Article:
Saturday, August 17, 2019

The Reincarnation of Peter Proud (1975): Peter Has Nothing to Be Proud About

In my senior years, I have become more critical of a film protagonist's moral character.  This relates to the qualities that I have come to tolerate or not tolerate within myself.  A man behaves poorly if he is acts on impulse or acts out of confusion.  Maturity should take a man beyond the confusion and impulsiveness of his youth.  He should be dedicated to rejecting behavior that can do harm to himself or others.

I first saw The Reincarnation of Peter Proud  (1975) when I was seventeen years old.  At the time, I thought that Peter Proud (Michael Sarrazin) was a tragic figure.  Today, I think he's a jerk. 

Proud becomes troubled with visions of a murder.  The murder victim is swimming naked in a moonlit lake when a woman comes up alongside him in a rowboat and bludgeons him savagely with an oar.  Proud eventually realizes that the visions are flashbacks to a past life in which he was murdered by his wife Marcia (Margot Kidder), who lost her mind over his constant abuse.  His past self, Jeff Curtis, distinguished himself as a school athlete and a war hero, but he didn't measure up well as a husband.  He married a woman he didn't like just because her family had money.  He let her know that she disgusted him and he frequently cheated on her with other women.  Curtis didn't have much of a soul.  Now, this soul belongs to Proud.  Can Proud be a virtuous man if he embodies such a dark essence?  This skeptical view of Proud is my first reason to withhold my sympathy of the man. 

My second reason to see Proud as a dubious protagonist is less uncertain.  Proud is having an affair with his best friend's girlfriend, college professor Nora Hayes (Cornelia Sharpe).  Nora expects to have a sex-filled summer with Proud while her archeologist boyfriend Tony is out of the country.  So, like Curtis, Proud would rather satisfy his sexual appetite than behave in morally responsible manner.  Like Curtis, he knows how to gratify his sex partners.  Nora repeatedly compliments Proud on his sexual prowess.  "My students aren't dopes," she tells him.  "They know when their teacher has that well-laid look."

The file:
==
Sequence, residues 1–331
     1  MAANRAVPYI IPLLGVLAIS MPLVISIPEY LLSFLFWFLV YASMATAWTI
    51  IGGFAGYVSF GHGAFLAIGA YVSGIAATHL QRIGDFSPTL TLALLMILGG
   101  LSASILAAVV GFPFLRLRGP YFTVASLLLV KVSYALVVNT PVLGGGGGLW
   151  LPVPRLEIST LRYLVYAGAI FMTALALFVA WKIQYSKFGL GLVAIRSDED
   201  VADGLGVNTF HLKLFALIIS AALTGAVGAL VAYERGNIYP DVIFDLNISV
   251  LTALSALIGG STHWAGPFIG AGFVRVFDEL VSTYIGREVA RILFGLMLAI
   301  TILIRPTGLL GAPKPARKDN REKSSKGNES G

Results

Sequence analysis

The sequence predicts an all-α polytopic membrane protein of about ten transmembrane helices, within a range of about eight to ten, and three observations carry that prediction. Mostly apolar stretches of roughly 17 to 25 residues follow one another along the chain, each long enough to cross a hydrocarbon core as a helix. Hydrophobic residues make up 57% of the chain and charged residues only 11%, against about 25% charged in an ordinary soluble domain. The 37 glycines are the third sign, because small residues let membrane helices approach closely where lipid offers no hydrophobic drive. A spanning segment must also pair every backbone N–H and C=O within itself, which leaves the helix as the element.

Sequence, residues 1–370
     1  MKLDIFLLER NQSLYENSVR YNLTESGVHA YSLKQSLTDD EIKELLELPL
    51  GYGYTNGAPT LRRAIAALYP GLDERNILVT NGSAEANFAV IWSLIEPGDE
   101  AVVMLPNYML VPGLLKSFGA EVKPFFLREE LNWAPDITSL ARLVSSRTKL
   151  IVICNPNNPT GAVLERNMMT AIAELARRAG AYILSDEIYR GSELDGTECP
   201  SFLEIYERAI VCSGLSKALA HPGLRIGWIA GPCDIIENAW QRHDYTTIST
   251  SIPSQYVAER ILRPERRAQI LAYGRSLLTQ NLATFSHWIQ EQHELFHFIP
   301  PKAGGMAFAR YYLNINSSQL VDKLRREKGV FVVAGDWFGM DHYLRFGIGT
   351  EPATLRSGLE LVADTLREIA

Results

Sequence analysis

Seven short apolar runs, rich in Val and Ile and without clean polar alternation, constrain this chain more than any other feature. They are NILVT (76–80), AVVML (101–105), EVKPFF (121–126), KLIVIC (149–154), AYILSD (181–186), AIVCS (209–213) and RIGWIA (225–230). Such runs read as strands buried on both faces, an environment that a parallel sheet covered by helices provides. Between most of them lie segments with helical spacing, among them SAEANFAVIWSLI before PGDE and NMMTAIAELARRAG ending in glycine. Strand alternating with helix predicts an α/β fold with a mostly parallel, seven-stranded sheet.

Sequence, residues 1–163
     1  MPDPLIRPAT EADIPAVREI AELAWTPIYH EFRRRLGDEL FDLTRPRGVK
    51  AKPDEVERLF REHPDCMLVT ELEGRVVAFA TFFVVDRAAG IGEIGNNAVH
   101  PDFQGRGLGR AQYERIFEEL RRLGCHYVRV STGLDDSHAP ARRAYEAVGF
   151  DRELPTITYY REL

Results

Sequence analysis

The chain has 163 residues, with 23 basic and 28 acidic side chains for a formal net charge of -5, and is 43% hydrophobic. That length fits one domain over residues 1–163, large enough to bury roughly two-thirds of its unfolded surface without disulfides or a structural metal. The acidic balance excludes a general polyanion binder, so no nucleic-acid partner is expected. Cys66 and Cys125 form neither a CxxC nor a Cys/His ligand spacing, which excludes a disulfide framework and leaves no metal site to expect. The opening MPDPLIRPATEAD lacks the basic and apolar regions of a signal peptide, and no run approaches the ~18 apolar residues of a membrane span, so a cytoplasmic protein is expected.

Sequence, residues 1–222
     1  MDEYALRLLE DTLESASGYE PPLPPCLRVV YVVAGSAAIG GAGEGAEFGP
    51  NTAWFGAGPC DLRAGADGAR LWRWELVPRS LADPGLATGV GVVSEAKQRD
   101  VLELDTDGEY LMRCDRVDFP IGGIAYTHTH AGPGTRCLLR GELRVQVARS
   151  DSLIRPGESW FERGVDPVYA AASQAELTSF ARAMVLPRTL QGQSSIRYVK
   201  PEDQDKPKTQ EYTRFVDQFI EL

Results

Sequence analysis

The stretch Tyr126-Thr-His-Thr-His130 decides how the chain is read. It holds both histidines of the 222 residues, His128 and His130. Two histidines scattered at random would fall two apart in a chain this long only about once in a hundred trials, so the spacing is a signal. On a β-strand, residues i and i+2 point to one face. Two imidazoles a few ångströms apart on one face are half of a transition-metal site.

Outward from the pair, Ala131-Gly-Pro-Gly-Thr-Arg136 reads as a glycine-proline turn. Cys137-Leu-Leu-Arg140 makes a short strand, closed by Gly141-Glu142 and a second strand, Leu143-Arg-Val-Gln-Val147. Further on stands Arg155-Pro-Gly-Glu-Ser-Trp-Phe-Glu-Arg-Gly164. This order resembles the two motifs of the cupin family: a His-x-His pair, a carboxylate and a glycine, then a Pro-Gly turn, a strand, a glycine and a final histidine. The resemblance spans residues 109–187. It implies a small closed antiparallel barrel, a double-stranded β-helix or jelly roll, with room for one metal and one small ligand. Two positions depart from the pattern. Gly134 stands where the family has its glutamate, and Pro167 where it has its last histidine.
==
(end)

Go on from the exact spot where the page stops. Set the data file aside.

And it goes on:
Proud has further visions.  He sees unique statues and bridges that are clues to a specific locale.  Curtis' favorite possession is a luxury car, a 1937 Cord 812 Convertible Coupe.  The presence of the car in the visions and the sort of stylish clothes that Curtis wears identifies the time period as the 1940s.


The bits of evidence that Proud pieces together lead him to Massachusetts, where he meets Curtis' widow (and killer) Marcia and Curtis' daughter Ann (Jennifer O'Neill).  Proud is attracted to Ann and ends up having sex with her.   A. H. Weiler of The New York Times called this "a sort of incest, once removed."  Proud doesn't care.  He tells a friend, "Maybe she was my daughter in some previous life, but she isn't now." It's creepy whether it can be considered incest or quasi-incest.

 In any case, Proud is being selfish and insensitive, clomping around Marcia and Ann's lives for no one's benefit other than his own.  The film has Proud, who is obsessed by his visions, walking around in a thoughtless and guilt-free haze.

Marcia is unnerved by this strange man who has abruptly turned up in her life and eerily displays the mannerisms and habits of her dead husband.  At one point, Marcia overhears Proud talking in his sleep.  He says the exact words that Curtis said to Marcia as he pleaded for his life out on the lake.  She confronts Proud at his hotel room.

Proud has the opportunity to ease the anguish and confusion that Marcia understandably has about him.  But, instead, he bellows frighteningly at Marcia.  His voice sounds deeper.  It is, unmistakably, the voice of Jeff Curtis.  Marcia becomes unhinged again.  Later that night, she shoots Proud, killing him.

Reincarnation relates to the belief that salvation will come to those who have perfected themselves throughout a series of lives.  But we shouldn't hope that we will one day be reborn and get to be a better person.  We should learn to be a better person during the one definite life that we are experiencing now.  This would be  a good lesson for Peter Proud, who seems to be drifting from one life to another without learning a thing.

Reference source

A. H. Weiler, "Screen: 'Peter Proud,' " The New York Times (April 26, 1975).

No comments:

Post a Comment